Part 1: Business Rules Engine
Over the past few months I have been writing about the benefits of low-code and how a platform such as Visual LANSA can increase the effectiveness and efficiency of professional developers. Visual LANSA has a much different approach to low-code than the model-based low-code platforms where users work with icons and workflows. In Visual LANSA, developers have the ability to write code in LANSA’s own RDMLX language. The question becomes, if developers are not solely dragging and dropping icons, where does the low-code or the accelerated application development aspect come into play? That is a great question and one I will explain in more detail over the next few blogs. I will start with Visual LANSA’s Business Rules Engine.
Business Rules Engine
One of Visual LANSA’s most powerful features is the Business Rules Engine. The Business Rules Engine is a central repository that stores everything a developer creates with Visual LANSA. Better yet, since it is central, it stores everything created by your team of developers. Once an object is created in the repository, it is available to be used and reused by any application or developer. Let’s take a closer look at an example of using the Business Rules Engine.
You have a table named Departments that you want to access. Simply select New server module, give your server module a name and description and then select the table Departments and click Create. The server module is automatically created along with approximately 100 lines of code with all the main functions you would need when accessing the Departments table. The server module is now in the Business Rules Engine for any application or developer to use.
Another powerful feature of Visual LANSA is being able to create server side and client side applications in the same IDE using the same code. Whether the developer is creating objects to access data or create a user interface, all the objects will be centrally located in the Business Rules Engine. Notice that we created this server module in the Visual LANSA IDE, but it is accessing data on the server. If developers need to add additional functionality to this module, they just write the additional function inside in the IDE. The developer will never have to leave the Visual LANSA IDE to create custom functionality. Visual LANSA developers need to code only in the IDE and will not have to learn additional programming languages. They will not have to leave the IDE to create a workaround application in another language. The ability to easily create additional functionality by writing code inside the IDE will save your developers precious application development time. And to top it off, the additional functionality created by writing code is stored in the Business Rules Engine to be used at any time by any developer.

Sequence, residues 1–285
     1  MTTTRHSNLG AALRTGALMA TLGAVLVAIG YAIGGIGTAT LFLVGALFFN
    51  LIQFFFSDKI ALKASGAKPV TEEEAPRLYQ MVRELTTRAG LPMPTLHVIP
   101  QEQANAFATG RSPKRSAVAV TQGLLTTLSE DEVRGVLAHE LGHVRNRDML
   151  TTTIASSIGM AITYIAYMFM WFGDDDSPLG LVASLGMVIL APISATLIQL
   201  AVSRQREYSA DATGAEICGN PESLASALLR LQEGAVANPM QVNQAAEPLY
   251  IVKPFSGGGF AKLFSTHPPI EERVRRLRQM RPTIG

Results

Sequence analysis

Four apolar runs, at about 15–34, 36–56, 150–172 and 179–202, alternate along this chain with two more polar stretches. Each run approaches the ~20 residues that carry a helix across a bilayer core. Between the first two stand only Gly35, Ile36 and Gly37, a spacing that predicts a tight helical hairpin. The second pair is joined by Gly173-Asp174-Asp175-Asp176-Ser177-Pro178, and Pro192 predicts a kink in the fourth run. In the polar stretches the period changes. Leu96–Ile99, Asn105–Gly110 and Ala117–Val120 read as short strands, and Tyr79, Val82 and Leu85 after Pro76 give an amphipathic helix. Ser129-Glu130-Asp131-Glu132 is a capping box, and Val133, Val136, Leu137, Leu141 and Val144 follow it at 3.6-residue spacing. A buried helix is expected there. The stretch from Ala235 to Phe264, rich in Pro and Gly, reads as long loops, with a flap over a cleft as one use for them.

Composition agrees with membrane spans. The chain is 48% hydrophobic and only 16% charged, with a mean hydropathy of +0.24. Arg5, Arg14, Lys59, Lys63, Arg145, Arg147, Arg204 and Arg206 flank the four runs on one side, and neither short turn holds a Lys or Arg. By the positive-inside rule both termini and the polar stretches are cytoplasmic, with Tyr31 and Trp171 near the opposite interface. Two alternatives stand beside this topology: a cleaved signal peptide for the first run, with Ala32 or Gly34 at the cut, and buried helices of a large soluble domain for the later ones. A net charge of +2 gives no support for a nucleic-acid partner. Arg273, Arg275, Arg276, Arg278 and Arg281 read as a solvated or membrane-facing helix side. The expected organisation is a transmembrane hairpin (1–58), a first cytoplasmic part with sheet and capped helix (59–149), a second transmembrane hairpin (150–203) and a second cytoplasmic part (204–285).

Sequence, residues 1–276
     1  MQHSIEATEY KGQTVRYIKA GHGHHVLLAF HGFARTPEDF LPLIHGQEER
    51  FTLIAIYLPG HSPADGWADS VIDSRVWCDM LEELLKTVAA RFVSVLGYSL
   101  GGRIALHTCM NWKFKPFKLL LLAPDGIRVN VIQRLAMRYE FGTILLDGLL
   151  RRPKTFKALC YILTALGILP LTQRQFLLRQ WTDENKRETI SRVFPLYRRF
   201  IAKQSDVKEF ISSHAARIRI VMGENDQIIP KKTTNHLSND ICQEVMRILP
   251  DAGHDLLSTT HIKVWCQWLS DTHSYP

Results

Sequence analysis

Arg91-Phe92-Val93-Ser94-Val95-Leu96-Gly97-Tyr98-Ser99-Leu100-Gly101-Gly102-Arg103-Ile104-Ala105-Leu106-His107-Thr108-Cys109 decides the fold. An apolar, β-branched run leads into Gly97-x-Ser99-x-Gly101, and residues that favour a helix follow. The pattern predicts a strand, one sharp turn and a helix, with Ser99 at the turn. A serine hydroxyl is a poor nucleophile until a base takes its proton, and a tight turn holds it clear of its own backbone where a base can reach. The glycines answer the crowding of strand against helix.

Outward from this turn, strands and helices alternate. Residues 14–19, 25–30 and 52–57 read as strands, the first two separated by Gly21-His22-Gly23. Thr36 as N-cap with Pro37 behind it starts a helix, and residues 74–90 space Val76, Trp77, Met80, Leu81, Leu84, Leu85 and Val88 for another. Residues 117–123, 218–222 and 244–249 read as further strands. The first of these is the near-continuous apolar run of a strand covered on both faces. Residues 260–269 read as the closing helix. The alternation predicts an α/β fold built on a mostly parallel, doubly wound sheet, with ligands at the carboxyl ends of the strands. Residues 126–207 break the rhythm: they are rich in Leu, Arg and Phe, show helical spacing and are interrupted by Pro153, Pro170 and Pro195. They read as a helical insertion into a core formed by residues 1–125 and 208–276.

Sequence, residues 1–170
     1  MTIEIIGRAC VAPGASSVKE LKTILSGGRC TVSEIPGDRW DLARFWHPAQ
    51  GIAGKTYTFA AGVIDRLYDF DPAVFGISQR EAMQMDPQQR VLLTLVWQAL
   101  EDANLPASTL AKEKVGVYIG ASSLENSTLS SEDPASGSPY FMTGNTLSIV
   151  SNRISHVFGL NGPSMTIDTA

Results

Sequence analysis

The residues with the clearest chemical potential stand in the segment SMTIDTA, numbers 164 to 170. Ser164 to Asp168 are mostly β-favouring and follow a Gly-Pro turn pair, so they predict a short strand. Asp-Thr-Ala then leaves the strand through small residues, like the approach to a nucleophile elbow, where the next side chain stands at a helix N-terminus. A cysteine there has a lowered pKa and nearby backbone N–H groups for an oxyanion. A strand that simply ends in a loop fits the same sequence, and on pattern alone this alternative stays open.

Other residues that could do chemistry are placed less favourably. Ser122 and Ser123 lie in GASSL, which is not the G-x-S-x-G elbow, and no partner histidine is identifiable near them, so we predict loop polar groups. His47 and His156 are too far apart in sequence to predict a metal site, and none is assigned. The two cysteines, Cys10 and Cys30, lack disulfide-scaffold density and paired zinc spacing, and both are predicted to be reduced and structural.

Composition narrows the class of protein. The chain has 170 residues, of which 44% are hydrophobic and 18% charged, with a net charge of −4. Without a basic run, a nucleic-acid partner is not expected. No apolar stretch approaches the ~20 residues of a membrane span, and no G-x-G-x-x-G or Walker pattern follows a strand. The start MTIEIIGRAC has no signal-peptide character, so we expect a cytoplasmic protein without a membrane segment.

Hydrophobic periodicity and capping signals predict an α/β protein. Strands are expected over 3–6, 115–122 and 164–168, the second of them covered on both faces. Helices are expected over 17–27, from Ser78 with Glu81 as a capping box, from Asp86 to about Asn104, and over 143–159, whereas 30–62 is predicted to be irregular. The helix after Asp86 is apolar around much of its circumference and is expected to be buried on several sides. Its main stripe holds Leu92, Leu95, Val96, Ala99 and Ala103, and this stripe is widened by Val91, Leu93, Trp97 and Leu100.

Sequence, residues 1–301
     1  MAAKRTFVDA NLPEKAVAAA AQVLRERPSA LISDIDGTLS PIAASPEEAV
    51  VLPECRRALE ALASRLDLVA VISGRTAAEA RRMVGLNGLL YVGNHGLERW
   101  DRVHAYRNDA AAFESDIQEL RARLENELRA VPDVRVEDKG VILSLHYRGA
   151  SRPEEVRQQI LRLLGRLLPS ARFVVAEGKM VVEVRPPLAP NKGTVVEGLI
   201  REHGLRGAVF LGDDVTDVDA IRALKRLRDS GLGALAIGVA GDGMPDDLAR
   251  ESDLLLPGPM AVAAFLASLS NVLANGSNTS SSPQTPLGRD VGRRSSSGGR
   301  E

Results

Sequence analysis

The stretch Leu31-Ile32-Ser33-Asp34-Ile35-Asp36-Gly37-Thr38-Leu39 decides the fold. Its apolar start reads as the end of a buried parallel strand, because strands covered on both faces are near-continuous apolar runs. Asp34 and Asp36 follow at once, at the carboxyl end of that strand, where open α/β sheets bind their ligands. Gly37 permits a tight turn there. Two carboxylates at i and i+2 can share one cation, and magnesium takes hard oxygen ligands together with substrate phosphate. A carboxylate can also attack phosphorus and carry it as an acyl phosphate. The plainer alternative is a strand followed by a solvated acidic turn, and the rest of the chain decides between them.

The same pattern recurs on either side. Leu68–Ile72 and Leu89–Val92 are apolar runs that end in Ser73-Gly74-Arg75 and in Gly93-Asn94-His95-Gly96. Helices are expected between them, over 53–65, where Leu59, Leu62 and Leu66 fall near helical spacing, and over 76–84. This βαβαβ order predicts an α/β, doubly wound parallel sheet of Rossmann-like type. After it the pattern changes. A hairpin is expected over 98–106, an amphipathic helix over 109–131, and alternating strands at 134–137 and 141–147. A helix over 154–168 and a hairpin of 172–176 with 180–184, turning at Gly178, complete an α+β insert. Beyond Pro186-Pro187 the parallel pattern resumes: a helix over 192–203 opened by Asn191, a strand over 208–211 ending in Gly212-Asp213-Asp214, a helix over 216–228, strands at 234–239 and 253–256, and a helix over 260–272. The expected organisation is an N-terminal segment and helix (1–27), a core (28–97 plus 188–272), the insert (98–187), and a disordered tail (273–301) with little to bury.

An additional feature of the Business Rules Engine is being able to define rules and formats for specific fields in one location. If you have a field labeled INVNUM, for “invoice number,” and this field is used by multiple tables across multiple applications, then everything about INVNUM can be defined in the Business Rules Engine. If INVNUM always needs to be defined as a length of 6 with no alpha characters and if this criterion is not met an error needs to be thrown, then this can be defined in the Business Rules Engine. The developer does not need to code these requirements into every application. They are defined in one central location and automatically applied across all applications. Being able to define everything about your tables fields in one central location means less coding for developers to write.
The Visual LANSA Business Rules Engine is an essential component in speeding up application output. As more objects and rules are added to this central repository, the less coding needs done on each application. When creating massive enterprise applications, the benefits compound to significantly decrease the time it takes to create applications.
Stay tuned for Part II – Visual LANSA Wizards, coming soon! Until then, visit us at LANSA.com for more information.